Targeting critical kinases and anti-apoptotic molecules overcomes steroid resistance in MLL-rearranged leukaemia.

EBioMedicine 2021 Feb 10;64:103235. Epub 2021 Feb 10.

Laboratory for Human Disease Models, RIKEN Center for Integrative Medical Sciences, 1-7-22 Suehiro-cho, Tsurumi-ku, Yokohama, Kanagawa 230-0045, Japan. Electronic address:

Background: Acute lymphoblastic leukaemia with mixed lineage leukaemia gene rearrangement (MLL-ALL) frequently affects infants and is associated with a poor prognosis. Primary refractory and relapsed disease due to resistance to glucocorticoids (GCs) remains a substantial hurdle to improving clinical outcomes. In this study, we aimed to overcome GC resistance of MLL-ALL.

Methods: Using leukaemia patient specimens, we performed bioinformatic analyses to identify target genes/pathways. To test inhibition of target pathways in vivo, we created pre-clinical therapeutic mouse patient-derived xenograft (PDX)-models by transplanting human MLL-ALL leukaemia initiating cells (LIC) into immune-deficient NSG mice. Finally, we conducted B-cell lymphoma-2 (BCL-2) homology domain 3 (BH3) profiling to identify BH3 peptides responsible for treatment resistance in MLL-leukaemia.

Findings: Src family kinases (SFKs) and Fms-like tyrosine kinase 3 (FLT3) signaling pathway were over-represented in MLL-ALL cells. PDX-models of infant MLL- ALL recapitulated GC-resistance in vivo but RK-20449, an inhibitor of SFKs and FLT3 eliminated human MLL-ALL cells in vivo, overcoming GC-resistance. Further, we identified BCL-2 dependence as a mechanism of treatment resistance in MLL-ALL through BH3 profiling. Furthermore, MLL-ALL cells resistant to RK-20449 treatment were dependent on the anti-apoptotic BCL-2 protein for their survival. Combined inhibition of SFKs/FLT3 by RK-20449 and of BCL-2 by ABT-199 led to substantial elimination of MLL-ALL cells in vitro and in vivo. Triple treatment combining GCs, RK-20449 and ABT-199 resulted in complete elimination of MLL-ALL cells in vivo.

Interpretation: SFKs/FLT3 signaling pathways are promising targets for treatment of treatment-resistant MLL-ALL. Combined inhibition of these kinase pathways and anti-apoptotic BCL-2 successfully eliminated highly resistant MLL-ALL and demonstrated a new treatment strategy for treatment-resistant poor-outcome MLL-ALL.

Funding: This study was supported by RIKEN (RIKEN President's Discretionary Grant) for FI, Japan Agency for Medical Research and Development (the Basic Science and Platform Technology Program for Innovative Biological Medicine for FI and by NIH CA034196 for LDS. The funders had no role in the study design, data collection, data analysis, interpretation nor writing of the report.
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http://dx.doi.org/10.1016/j.ebiom.2021.103235DOI Listing
http://www.ncbi.nlm.nih.gov/pmc/articles/PMC7878180PMC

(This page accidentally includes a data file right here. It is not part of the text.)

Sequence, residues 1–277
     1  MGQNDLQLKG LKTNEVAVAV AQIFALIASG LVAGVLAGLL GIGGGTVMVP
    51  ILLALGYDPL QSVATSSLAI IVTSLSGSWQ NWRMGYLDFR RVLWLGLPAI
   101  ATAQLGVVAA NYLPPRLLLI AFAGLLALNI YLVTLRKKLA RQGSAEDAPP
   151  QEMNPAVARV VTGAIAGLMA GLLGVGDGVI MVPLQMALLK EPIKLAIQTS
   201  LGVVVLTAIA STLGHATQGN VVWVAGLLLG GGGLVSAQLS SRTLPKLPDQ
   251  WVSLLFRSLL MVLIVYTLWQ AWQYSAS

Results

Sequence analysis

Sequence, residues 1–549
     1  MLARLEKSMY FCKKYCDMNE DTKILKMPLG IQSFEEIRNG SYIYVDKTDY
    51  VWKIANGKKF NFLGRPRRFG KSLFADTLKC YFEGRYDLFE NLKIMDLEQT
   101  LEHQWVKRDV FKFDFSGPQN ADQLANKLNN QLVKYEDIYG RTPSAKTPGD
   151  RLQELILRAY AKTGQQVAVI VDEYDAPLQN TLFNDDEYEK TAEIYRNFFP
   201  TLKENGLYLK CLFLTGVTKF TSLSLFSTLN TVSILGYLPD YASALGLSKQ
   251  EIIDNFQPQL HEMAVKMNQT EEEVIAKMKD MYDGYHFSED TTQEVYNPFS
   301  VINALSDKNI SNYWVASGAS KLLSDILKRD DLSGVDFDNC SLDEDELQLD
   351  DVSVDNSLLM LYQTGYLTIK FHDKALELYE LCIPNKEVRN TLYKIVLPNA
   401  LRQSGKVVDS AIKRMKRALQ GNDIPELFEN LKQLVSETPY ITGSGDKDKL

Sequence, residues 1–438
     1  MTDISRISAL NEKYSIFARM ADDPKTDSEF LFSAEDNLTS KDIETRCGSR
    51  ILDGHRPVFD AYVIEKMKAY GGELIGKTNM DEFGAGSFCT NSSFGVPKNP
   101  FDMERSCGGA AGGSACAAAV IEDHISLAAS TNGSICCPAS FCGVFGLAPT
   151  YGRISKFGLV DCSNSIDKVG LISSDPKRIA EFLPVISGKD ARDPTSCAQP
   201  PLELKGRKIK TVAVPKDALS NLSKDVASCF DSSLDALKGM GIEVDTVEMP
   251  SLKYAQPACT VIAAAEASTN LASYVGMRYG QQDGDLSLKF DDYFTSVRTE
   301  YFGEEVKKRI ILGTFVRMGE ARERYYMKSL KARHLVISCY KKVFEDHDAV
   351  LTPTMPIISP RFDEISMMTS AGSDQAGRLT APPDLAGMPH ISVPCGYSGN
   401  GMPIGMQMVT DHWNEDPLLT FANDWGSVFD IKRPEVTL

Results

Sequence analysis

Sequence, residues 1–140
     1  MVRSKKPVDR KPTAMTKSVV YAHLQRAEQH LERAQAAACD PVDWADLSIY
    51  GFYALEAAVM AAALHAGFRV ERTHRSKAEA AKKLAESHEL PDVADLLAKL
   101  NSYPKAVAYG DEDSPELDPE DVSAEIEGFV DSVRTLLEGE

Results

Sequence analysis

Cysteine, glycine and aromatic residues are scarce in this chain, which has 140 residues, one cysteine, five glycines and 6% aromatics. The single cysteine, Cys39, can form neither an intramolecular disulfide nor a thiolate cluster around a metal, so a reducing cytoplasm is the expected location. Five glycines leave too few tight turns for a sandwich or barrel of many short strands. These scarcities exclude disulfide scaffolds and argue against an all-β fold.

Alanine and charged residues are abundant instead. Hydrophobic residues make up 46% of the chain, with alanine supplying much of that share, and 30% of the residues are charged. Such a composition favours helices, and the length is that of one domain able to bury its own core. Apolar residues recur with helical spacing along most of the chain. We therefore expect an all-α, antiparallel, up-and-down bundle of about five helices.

February 2021

Preclinical evaluation of cancer immune therapy using patient-derived tumor antigen-specific T cells in a novel xenograft platform.

Clin Transl Immunology 2021 2;10(2):e1246. Epub 2021 Feb 2.

Department of Microbiology and Immunology at the Jacobs School of Medicine and Biomedical Sciences University at Buffalo Buffalo NY USA.

Objectives: With a rapidly growing list of candidate immune-based cancer therapeutics, there is a critical need to generate highly reliable animal models to preclinically evaluate the efficacy of emerging immune-based therapies, facilitating successful clinical translation. Our aim was to design and validate a novel model (called Xenomimetic or 'X' mouse) that allows monitoring of the ability of human tumor-specific T cells to suppress tumor growth following their entry into the tumor.

Methods: Tumor xenografts are established rapidly in the greater omentum of globally immunodeficient NOD- (NSG) mice following an intraperitoneal injection of melanoma target cells expressing tumor neoantigen peptides, as well as green fluorescent protein and/or luciferase. Changes in tumor burden, as well as in the number and phenotype of adoptively transferred patient-derived tumor neoantigen-specific T cells in response to immunotherapy, are measured by imaging to detect fluorescence/luminescence and flow cytometry, respectively.

Results: The tumors progress rapidly and disseminate in the mice unless patient-derived tumor-specific T cells are introduced. An initial T cell-mediated tumor arrest is later followed by a tumor escape, which correlates with the upregulation of the checkpoint molecules programmed cell death-1 (PD-1) and lymphocyte-activation gene 3 (LAG3) on T cells. Treatment with immune-based therapies that target these checkpoints, such as anti-PD-1 antibody (nivolumab) or interleukin-12 (IL-12), prevented or delayed the tumor escape. Furthermore, IL-12 treatment suppressed PD-1 and LAG3 upregulation on T cells.

Conclusion: Together, these results validate the X-mouse model and establish its potential to preclinically evaluate the therapeutic efficacy of immune-based therapies.
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http://dx.doi.org/10.1002/cti2.1246DOI Listing
http://www.ncbi.nlm.nih.gov/pmc/articles/PMC7853904PMC